It's now 1927 and Nyack's Post 310 has had no luck in finding a site for its new home. An attempt at securing a building around Franklin and Sickles avenue had just fallen through. Seeking to try and obtain help and support from other veterans, Post 310 approached the Tappan lee Soldiers and Sailors Memorial Association. The Post was very surprised and grateful when the Association not only was willing to help, but offered a piece of their land to build our new home. On the 22nd day of June, 1927, an agreement was reached between the Association and Post 310. That on “ this day, for the sum of $1.00, the Tappan Zee Soldiers and Sailors Memorial Association does hereby grant, to Charles R. and Raymond O. Blauvelt American Legion Post 310, the right to occupy and use the grounds south of the highway bridge culvert, east of Piermont avenue and north of the Ackerman property, to erect and maintain a club house, for patriotic, fraternal and social purposes; this grant shall not be revoked so long as said land shall be used by Post 310 for said purposes”.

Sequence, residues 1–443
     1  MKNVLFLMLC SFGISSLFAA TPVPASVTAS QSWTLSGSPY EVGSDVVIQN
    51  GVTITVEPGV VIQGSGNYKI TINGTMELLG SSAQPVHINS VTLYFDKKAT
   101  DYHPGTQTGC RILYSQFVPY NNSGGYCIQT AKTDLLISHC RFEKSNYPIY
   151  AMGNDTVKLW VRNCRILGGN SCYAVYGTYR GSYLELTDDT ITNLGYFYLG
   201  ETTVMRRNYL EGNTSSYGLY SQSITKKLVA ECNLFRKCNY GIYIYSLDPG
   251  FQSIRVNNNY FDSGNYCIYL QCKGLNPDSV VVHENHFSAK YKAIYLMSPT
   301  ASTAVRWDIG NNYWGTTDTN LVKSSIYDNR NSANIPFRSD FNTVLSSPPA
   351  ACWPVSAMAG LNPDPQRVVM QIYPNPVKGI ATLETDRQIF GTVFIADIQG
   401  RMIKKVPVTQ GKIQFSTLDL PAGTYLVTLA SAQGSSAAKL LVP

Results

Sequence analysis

Signed and sealed on this date by:

J.D. Dunlop, President, Tappan Zee Soldiers and Sailors Memorial Association
Bradford M. Johnson, Commander, Charles R. and Raymond O. Blauvelt,
American Legion Post 310.


By the end of 1927 things were really looking up for Post 310. Membership was growing and plans for the new building were just about complete. As the New Year came, so did the beginning of construction of our house. Although the exact "move in " date, could not determined from the information available, past minutes from the Post dated in May of 1930 indicate that "during the later part of the summer of 1929, our Post had allowed Mazeppa Fire Engine Company of Nyack, the use of our new quarters for a social affair."